The time to come; the future.


poetic literary the time to come; the future


(ˈæf tərˌtaɪm, ˈɑf-)

future time.
References in classic literature ?
Toward morning, while the old man sat exhausted and asleep in his chair where he had been sitting before his books as one who watches by his beloved dead and prints the features on his memory for a solace in the aftertime of empty desolation, his daughter sprang into the room and gently woke him, saying--
And they sped to the tribe of the haughty Cephallenians, the people of patient-souled Odysseus whom in aftertime Calypso the queenly nymph detained for Poseidon.
It was not easy to decide that doubt at the moment--and it proved to be equally difficult to throw any light on it at an aftertime.
Yet it was witnessed in the floods of aftertime, that at the coming on of eventide, Ogg the son of Beorl was always seen with his boat upon the wide-spreading waters, and the Blessed Virgin sat in the prow, shedding a light around as of the moon in its brightness, so that the rowers in the gathering darkness took heart and pulled anew.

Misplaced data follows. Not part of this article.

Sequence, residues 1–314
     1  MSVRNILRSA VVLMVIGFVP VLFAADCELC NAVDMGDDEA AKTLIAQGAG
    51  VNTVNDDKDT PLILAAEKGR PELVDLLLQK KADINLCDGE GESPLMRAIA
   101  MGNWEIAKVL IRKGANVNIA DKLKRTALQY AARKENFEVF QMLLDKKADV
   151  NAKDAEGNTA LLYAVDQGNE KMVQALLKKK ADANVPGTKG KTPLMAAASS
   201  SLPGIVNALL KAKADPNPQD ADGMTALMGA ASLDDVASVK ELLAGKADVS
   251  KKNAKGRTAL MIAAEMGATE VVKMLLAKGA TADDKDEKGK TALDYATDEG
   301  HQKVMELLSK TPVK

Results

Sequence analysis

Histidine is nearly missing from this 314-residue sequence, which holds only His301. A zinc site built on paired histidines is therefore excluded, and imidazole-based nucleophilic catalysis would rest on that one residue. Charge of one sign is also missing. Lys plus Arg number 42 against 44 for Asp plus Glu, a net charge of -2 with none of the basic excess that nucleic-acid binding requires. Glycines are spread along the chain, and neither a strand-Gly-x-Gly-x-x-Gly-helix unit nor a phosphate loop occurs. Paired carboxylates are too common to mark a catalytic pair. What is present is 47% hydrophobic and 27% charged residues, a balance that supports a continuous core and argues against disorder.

It would be easy to aftertime and suggest Giroud would have converted chances that fell to Mathieu Flamini, but is was a surprise Wenger stuck with Theo Walcott instead.
So might some old man speak in the aftertime To all the people, winning reverence.
In the aftertime, I hold Maudie like my father held me.
Both your dog and you can develop arelationship with a carer and many peo-ple ask for the same carers time aftertime.
To reject it or ignore it or fritter it away will bring upon us all the long reproaches of the aftertime.
The Actor's Centre will present a rehearsed reading of Time AfterTime, or Shakespeare's Dream at Birmingham Library Theatre on Saturday.
In the early 1830s, when Tennyson wrote the "Morte d'Arthur," the cultural and religious consensus that Bedivere hopes his king's sword will produce seemed only possible in some mythical aftertime.